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 2010-06-30 03:44 am Back to NEWS
‘Donors won’t interfere’

The United States government has said donors have no intention of interfering with Zambia’s sovereignty but are only interested in accountability and transparency in the management of donor funds.

Acting US Ambassador to Zambia Michael Koplovsky said donors represented the aspirations of their respective countries, which required them to be strict on the issue of accountability.

Mr Koplovsky said the Zambian Government was answerable to the people of Zambia while foreign diplomats were also under the directive of their governments.

He said the US government would never withdraw its financial support to Zambia and remains optimistic the $330 million it had given Zambia this year was well accounted for.

He said in an interview in Lusaka yesterday the US government did not have any intention of withholding donor support to Zambia.

Mr Koplovsky said the financial assistance his government had given Zambia was mainly for health, education and agriculture sectors.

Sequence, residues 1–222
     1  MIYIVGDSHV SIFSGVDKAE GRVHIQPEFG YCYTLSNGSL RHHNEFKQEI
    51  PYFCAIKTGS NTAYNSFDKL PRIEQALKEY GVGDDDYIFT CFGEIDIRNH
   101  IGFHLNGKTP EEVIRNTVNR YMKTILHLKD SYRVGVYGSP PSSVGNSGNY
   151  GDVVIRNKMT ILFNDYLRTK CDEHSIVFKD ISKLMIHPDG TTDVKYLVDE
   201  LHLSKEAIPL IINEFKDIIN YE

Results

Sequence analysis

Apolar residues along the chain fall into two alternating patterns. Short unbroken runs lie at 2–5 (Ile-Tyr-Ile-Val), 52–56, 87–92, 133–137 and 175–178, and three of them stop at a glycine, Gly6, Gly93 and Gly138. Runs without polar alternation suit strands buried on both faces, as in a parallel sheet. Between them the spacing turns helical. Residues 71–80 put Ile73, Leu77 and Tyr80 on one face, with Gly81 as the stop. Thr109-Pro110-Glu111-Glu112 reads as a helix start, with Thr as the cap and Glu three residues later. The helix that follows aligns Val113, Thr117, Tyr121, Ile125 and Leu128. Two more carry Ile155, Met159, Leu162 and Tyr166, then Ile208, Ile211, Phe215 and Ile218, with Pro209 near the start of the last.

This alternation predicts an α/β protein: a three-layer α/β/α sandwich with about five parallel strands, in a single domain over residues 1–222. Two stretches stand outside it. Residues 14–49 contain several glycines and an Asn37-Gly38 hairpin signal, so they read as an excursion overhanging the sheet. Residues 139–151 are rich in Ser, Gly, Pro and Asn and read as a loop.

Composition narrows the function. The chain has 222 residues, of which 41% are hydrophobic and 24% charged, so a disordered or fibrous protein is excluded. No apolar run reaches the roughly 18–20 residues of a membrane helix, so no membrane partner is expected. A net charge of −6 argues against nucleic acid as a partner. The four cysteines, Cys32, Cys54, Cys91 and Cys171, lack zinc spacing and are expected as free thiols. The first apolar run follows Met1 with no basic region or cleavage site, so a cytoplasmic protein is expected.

“We have got no reason to believe that the financial assistance from the US government has been misused. Secondly, we do not have any intention to withhold any funding to Zambia,” Mr Koplovsky said.

He, however, explained that tax payers’ money from the donor community must be accounted for, which task was for the diplomats accredited to Zambia.

Mr Koplovsy explained that foreign missions were strict on issues of accountability because they were answerable to their governments.

He said the US government would make resources available under the United Nations Development Programme basket funding for the management of the 2011 presidential and general elections.

Mr Koplovsky said some money had already been released for the on-going issuance of national registration cards to improve voter participation.

And British High Commissioner to Zambia Tom Carter has said the partnership between the donors and the Zambian Government is of key importance as they work together.

Commenting on the relationship between donors and the Zambian Government, Mr Carter said the partnership of the two was key to the delivery of the long-term goals of reducing poverty in Zambia and achieving Government’s target of reaching middle income status by the year 2030.

“However, we do not conduct our relationship with the Zambian Government through the media,” he said.

He said he would seek to meet President Rupiah Banda to discuss the matter.


Times of Zambia

 
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